They’re nothing new, but Ministry of Primary Industries Fisheries Managers admit that fish dumping ‘is so widespread, the current system is failing, and
officials have been unable to get on top of it since day one of the Quota Management System (QMS)”.
They have said unreported fish dumping is having an impact on fish stocks, and that if those wasting fish, and hiding dumping, were prosecuted in accordance
with the law, about half the current fishing operators would go out of business. But the evidence of the impacts of this untenable, unsustainable squandering
of our marine life, has been clear for the public to see too.
Stories of times when the seas were full of fish are now legend.
We all bear witness to, and commonly hear of decline. Ask any fisher and they’ll tell you the big snapper have gone, the flounder have gone, the crayfish
have gone, and mud and kina barrens are in their place.
Where once, fish schooled inshore, these days the seas are like deserts. Even with the ‘world’s “best” fisheries management system’ in the QMS, we’re managing
fish stocks often to less than 20% of their pre-harvest numbers.
It appears that corruption is entrenched in the fishing industry and its relationship with MPI. Scientists say ‘deals have been done’ between fishing operators
and MPI, meaning known transgressions remain unprosecuted.
Video footage arising from cameras on boats has revealed evidence of Hector’s dolphins being caught and killed in nets, dumped, and not reported, but no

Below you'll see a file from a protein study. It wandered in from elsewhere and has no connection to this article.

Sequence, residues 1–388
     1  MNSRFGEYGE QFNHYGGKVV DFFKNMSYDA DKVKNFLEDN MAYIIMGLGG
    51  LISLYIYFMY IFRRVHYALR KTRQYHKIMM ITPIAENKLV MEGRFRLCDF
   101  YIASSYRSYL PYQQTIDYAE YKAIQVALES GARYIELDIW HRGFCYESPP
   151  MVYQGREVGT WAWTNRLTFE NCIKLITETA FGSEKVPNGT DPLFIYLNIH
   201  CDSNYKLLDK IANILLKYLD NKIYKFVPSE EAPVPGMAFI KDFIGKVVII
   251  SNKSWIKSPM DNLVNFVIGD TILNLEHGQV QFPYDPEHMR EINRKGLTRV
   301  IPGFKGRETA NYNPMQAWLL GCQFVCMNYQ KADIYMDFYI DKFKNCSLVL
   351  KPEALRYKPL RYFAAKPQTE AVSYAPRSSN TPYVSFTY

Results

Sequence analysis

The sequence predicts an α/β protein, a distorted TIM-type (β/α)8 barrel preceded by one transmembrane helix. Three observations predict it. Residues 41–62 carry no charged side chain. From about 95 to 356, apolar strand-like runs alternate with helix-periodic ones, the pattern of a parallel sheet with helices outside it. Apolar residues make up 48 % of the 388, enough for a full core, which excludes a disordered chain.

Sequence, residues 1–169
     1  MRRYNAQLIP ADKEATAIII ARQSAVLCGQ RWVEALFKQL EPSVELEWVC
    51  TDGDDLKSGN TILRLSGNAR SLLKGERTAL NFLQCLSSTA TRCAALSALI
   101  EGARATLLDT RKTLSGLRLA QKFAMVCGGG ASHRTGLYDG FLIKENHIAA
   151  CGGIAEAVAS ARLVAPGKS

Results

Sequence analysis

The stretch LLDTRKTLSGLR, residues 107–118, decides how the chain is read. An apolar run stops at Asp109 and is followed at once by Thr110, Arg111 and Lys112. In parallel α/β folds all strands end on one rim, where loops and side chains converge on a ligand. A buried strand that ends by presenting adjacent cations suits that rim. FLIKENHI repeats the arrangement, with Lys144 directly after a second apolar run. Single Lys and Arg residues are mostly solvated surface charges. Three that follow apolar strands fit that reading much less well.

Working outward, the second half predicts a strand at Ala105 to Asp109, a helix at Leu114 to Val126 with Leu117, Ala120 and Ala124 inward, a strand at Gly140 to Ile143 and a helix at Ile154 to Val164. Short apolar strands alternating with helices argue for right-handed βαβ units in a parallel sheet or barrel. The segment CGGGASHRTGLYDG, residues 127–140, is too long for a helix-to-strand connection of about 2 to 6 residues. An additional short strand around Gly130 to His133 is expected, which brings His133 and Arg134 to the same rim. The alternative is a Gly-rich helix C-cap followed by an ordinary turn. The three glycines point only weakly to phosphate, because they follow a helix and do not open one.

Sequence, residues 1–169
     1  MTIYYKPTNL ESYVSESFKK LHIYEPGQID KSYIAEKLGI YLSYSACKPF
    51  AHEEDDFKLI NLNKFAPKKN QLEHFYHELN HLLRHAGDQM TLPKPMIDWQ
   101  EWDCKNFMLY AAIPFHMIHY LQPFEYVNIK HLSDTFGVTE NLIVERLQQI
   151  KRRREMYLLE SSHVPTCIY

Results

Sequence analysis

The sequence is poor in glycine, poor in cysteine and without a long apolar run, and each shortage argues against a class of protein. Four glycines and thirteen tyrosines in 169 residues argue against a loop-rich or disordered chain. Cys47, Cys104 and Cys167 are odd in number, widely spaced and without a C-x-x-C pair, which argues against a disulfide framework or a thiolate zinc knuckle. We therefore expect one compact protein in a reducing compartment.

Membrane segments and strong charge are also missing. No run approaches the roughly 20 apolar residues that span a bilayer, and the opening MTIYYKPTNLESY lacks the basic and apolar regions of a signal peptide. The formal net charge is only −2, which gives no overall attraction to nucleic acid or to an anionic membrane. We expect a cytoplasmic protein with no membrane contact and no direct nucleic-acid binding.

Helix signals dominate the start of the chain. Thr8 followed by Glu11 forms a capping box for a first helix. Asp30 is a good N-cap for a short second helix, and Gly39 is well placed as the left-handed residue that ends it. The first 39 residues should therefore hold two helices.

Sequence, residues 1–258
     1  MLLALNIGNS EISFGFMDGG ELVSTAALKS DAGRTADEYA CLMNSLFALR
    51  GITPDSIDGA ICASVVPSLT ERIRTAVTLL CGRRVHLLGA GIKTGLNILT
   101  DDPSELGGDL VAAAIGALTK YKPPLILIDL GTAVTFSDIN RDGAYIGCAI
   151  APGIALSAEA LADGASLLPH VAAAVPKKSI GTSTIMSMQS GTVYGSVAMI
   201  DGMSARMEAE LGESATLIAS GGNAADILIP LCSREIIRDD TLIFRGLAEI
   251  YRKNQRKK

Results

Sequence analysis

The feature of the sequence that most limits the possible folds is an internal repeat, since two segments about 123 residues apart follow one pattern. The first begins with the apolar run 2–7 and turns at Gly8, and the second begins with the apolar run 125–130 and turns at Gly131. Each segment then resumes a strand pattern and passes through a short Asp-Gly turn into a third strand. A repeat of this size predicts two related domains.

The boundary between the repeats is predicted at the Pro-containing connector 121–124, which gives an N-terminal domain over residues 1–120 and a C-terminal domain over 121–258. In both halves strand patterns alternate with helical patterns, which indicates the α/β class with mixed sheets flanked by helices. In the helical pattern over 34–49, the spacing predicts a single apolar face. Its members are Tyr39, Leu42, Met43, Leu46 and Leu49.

prosecutions took place because of those deals.
There are claims of ‘capture’ by the fishing industry of MPI, especially since in some cases, the fishers and the observers, are one and the same. Strong
links between the National Party and the Seafood Industry Council, and Peter Goodfellow, chair of the Council and Director of Sanfords who is also
President of the National Party, make many conservationists doubt the chances of proper, sustainable fisheries management in the best interests of
the marine environment rather than political allegiances.
At the same time, pressure on the marine environment is compounded by the sheer volume of recreational fishers. If everyone took their maximum daily catch,
the oceans would be empty. Indeed, in some areas, they virtually are.
Rather than fooling ourselves that we are responsible environmental and resource managers with world class fisheries systems, we would do better to admit
we are failing to manage the environment with much rigour at all. With species under such mismanagement, we retain little resilience for other, natural
or unusual forces that could cause collapse – such as disease, or the effects of climate change.
The Government’s failure to address these known issues is nothing less than scandalous, for both present and future generations – of people, and fish.